Passing objects around is allowing me to write type checking code. It's a great way for me to immediately get errors when inputs are not what my methods are expecting. I am also playing with the idea of a common object language. It's something my colleague brought up in an architecture meeting. A common object language is a way of defining the data objects passing between functions, methods, and classes of a module of code. By using these two conventions I am more clearly defining the interactions between functionally separate code. This works great within an application or module.
However, it does not work well outside of that context, in implementations such as SOAP. I am calling out SOAP because it is vying to use a similar notion of defining a common object, but in between services, rather than functional blocks. SOAP is doing us a service by providing well defined data types and giving early warning signs of type mismatches and improper use of methods. However, I am finding that the benefits, of SOAP's strong *(moderately strong) typing, are getting in the way of efficient coding. They are cumbersome, because they need to be replicated on the client system. I am going to be responsible for providing the objects to fulfill the object language, for a language I don't fully understand. I feel as if I am writing the dictionary so I can speak a sentence. It feels very heavy.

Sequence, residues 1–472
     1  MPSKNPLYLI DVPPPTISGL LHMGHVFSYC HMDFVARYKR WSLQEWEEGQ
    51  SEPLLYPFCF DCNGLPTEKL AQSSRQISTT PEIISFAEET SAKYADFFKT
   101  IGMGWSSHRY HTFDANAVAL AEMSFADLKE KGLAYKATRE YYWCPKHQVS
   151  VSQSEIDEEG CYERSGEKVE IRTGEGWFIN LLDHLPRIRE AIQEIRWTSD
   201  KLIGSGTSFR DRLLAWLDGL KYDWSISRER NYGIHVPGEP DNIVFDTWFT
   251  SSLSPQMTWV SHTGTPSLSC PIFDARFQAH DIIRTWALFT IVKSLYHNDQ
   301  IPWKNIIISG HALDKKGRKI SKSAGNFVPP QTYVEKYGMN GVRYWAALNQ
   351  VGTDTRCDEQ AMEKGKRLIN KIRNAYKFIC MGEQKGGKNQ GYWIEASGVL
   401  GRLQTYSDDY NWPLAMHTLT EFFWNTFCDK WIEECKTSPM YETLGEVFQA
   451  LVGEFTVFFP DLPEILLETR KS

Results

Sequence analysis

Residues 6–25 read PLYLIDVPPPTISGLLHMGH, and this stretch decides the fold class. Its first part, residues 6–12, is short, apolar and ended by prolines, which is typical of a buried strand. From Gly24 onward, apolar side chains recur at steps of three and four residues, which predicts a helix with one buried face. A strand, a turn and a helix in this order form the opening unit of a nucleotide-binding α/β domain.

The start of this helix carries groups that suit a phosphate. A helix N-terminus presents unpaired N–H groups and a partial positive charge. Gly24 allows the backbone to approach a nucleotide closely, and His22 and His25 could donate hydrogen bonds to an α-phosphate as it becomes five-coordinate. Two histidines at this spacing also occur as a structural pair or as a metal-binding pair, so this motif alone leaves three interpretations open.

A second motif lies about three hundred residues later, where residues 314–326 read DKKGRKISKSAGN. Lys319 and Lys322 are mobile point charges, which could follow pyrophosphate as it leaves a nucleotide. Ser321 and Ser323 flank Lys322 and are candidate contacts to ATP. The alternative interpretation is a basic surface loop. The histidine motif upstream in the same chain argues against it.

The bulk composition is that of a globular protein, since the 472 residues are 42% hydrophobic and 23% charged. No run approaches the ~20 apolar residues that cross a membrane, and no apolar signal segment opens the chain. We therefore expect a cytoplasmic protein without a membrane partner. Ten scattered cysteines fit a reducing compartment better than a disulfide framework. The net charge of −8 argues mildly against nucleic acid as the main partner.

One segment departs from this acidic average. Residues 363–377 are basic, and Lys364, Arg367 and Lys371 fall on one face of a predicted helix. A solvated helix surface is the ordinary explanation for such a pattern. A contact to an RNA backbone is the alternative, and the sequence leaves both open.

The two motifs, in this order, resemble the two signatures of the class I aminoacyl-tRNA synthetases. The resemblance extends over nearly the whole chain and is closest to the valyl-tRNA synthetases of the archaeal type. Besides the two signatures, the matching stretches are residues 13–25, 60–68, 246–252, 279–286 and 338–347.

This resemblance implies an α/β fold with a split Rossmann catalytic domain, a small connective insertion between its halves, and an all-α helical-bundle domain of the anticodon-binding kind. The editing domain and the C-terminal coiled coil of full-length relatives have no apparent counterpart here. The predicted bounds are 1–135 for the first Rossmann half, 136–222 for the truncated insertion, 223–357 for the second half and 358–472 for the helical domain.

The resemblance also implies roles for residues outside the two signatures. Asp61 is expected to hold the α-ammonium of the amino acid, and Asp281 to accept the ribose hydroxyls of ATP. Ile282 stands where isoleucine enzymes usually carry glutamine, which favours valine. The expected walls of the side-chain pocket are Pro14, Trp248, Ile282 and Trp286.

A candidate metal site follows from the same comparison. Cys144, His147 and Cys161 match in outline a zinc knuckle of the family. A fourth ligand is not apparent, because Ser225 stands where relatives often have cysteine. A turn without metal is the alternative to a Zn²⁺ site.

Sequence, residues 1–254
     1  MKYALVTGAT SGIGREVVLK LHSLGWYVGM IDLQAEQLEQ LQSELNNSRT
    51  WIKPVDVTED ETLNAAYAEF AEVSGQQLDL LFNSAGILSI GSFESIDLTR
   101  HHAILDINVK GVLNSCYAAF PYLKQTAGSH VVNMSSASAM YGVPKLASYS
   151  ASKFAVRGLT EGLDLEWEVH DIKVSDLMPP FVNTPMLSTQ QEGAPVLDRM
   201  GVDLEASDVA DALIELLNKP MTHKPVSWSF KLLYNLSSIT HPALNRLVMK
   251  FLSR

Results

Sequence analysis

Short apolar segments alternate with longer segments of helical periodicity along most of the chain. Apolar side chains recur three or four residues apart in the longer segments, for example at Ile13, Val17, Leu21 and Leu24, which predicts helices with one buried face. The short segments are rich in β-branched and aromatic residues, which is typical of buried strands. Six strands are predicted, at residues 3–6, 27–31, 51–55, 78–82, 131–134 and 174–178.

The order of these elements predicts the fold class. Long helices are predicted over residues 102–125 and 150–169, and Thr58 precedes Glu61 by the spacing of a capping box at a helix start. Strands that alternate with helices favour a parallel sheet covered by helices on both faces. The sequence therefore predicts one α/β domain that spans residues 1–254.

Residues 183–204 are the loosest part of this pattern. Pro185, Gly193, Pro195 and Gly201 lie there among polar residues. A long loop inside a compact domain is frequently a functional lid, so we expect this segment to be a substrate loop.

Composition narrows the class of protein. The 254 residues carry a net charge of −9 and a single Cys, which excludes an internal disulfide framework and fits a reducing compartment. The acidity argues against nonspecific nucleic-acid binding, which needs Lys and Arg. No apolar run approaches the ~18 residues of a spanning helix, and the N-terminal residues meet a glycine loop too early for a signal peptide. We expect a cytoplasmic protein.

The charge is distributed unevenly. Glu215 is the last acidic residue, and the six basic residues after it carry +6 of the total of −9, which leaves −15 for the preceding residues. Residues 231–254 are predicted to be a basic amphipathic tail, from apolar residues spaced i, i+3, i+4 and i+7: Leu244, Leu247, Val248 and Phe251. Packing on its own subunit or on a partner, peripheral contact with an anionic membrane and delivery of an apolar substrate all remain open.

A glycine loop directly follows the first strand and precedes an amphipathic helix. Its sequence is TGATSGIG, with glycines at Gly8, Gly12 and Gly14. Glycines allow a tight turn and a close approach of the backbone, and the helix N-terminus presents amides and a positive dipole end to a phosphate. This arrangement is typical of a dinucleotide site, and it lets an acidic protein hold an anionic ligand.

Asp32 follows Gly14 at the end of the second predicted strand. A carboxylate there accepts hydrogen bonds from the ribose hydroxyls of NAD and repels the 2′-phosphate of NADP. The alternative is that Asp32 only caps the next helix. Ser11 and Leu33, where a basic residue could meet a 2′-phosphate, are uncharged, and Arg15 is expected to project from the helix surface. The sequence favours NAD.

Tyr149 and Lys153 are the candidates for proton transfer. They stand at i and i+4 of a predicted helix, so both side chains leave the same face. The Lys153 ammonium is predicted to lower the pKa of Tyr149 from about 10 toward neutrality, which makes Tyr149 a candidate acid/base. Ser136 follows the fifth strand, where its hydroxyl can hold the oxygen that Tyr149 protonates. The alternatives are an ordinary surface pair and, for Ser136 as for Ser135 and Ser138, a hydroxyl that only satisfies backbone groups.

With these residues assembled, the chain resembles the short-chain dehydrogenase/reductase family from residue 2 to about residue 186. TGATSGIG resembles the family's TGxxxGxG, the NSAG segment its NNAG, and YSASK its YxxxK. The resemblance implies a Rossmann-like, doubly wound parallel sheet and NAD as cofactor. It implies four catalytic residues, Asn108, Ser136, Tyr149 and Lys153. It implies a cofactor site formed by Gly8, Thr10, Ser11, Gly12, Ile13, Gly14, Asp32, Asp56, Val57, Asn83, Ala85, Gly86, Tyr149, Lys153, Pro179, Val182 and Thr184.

For that reason I feel that a common object language is best suited within a controlled environment, and that simple more flexibly interpreted forms of data should be used between services: Thing JSON. This kind of data leaves the client to form it's own understanding of the data, which is good. JSON s working better for me because, I no longer have to meddle with parts of the data I don't care about. Since I can;t control the source of the data, I want to maintain control of how I consume it.